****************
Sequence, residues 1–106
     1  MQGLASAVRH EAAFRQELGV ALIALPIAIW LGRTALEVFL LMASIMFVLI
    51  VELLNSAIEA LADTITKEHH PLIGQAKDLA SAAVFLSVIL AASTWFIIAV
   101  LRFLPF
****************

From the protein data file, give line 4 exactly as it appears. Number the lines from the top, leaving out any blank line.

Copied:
   101  LRFLPF